Big data – big challenge

The Met Office is facing new and increasing challenges because of the huge volume of data that we manage and produce. Alex Longden, who leads the team responsible for data provision for the data re-use community and private weather sectors, examines the situation in this blog.

The 335 million observations of data we store every day require huge computational capability. Our new supercomputer provides the processing power needed to manipulate the data in a timely and effective way. The complex numerical models developed by our scientists and meteorologists in turn create enormous data outputs, used for climate and weather prediction and by data users throughout the world to make weather outlooks more accurate than ever before.

The state of weather data infrastructure

The Met Office recognises that increases in observational and forecast data volumes have implications across both the public and private weather sectors. To understand this better, we recently partnered with the Open Data Institute, to carry out a review on ‘The state of weather data infrastructure’.

The review is encouraging discussion on how the global weather data infrastructure can be sustainable, and continue to deliver value to society, as well as looking at the need for continuing investment in technical infrastructure and supercomputing resources. It also looks at the role of global, regional and national meteorological services in collecting observations and generating forecasts.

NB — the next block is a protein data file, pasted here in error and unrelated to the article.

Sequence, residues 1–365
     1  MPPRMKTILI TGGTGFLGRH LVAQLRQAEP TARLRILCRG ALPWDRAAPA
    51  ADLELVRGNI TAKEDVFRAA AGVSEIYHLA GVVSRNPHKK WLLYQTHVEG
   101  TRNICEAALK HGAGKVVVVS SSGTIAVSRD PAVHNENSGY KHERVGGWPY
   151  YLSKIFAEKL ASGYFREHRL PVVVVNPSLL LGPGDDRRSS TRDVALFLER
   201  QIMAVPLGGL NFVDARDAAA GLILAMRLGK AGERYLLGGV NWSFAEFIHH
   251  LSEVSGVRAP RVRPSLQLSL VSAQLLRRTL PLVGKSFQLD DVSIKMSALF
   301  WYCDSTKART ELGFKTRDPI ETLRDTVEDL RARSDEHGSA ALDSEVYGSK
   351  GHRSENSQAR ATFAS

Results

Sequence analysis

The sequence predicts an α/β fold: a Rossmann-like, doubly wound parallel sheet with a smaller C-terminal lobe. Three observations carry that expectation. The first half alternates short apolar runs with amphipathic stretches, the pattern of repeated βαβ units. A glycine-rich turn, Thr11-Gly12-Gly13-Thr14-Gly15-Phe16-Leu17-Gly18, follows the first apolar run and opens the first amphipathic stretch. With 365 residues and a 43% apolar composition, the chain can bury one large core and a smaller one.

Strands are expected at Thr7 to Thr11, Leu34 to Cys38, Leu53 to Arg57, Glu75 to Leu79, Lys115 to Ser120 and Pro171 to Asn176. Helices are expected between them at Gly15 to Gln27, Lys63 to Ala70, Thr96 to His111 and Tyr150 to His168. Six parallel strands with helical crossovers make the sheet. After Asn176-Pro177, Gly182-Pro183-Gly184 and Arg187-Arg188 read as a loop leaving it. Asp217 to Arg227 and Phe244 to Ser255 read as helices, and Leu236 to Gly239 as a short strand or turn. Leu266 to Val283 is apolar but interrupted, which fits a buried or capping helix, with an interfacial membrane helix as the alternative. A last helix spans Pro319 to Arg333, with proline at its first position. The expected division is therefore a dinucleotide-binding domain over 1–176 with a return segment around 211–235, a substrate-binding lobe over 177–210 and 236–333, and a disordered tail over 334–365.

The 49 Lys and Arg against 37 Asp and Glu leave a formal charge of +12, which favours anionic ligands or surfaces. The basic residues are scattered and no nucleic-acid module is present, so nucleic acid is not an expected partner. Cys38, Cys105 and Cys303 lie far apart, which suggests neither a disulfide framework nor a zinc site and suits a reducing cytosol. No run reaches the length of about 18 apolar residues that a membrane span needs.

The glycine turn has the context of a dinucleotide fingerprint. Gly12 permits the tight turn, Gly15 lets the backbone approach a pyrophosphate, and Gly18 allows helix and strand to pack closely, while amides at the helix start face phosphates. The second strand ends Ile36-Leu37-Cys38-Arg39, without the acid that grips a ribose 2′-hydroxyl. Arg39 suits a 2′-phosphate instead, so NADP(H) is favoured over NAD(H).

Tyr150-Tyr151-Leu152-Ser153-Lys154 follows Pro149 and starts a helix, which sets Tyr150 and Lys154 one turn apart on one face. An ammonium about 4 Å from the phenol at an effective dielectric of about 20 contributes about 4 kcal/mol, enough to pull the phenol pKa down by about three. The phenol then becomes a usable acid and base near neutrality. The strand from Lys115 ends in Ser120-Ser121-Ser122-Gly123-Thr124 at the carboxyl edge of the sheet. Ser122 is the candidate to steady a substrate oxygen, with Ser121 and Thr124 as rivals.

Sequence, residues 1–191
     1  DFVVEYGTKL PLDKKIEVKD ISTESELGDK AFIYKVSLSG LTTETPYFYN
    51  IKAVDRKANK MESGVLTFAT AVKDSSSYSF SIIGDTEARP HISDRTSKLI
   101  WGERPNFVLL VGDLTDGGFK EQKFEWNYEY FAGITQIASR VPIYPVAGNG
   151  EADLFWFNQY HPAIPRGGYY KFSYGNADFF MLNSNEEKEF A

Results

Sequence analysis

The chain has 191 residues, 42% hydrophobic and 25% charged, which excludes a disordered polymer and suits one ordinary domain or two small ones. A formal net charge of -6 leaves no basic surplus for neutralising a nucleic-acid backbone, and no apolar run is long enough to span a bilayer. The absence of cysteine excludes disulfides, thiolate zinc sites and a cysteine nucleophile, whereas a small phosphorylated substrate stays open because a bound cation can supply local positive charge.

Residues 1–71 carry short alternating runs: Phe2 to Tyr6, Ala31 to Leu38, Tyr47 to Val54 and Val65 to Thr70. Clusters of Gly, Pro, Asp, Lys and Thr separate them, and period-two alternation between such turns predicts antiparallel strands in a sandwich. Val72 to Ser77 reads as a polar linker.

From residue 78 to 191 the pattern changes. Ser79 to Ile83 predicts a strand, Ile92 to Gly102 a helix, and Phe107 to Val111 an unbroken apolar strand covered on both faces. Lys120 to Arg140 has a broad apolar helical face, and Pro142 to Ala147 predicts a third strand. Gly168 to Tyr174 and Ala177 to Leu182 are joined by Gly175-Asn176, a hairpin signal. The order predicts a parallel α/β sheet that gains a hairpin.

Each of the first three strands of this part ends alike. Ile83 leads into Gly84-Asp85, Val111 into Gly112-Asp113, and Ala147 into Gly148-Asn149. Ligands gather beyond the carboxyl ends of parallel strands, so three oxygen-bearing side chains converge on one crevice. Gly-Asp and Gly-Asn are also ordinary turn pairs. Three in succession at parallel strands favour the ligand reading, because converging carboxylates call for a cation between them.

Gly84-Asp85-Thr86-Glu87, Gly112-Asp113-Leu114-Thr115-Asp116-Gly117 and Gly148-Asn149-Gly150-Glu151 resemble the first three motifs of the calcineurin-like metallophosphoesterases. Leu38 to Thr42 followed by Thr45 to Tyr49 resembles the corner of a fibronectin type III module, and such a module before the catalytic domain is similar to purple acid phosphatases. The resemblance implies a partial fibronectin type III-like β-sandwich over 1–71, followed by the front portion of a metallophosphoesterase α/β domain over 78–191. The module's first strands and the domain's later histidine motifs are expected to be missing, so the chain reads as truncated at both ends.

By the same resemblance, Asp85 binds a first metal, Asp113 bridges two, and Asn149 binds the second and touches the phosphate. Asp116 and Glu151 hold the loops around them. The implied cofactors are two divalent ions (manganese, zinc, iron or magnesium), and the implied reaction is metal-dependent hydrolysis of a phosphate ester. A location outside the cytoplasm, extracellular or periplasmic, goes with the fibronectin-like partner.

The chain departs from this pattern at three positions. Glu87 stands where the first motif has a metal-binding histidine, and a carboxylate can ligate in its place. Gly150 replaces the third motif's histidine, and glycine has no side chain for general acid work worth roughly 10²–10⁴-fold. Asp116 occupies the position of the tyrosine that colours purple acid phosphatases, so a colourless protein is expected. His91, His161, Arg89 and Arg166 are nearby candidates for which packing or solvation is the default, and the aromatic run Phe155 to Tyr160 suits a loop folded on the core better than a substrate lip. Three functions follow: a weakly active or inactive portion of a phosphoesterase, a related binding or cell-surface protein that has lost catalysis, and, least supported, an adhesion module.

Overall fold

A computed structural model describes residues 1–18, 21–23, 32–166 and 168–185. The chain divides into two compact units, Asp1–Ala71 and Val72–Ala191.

In addition, the review highlights the technology creating new data and in turn generating new, big data challenges. Supercomputing is enabling new and improved weather models which are harnessing a variety of sources of weather observations from ground, air, sea and space based monitoring and sensors. These trends exist within a wider landscape of innovation and changing consumer expectations where instant and real-time access to data is increasingly essential.

We are striving towards making our data more openly accessible and useful to realise the social economic benefits brought by the new supercomputer, which delivers ever increasing accuracy yet exponential increases in data volumes that makes this more challenging.

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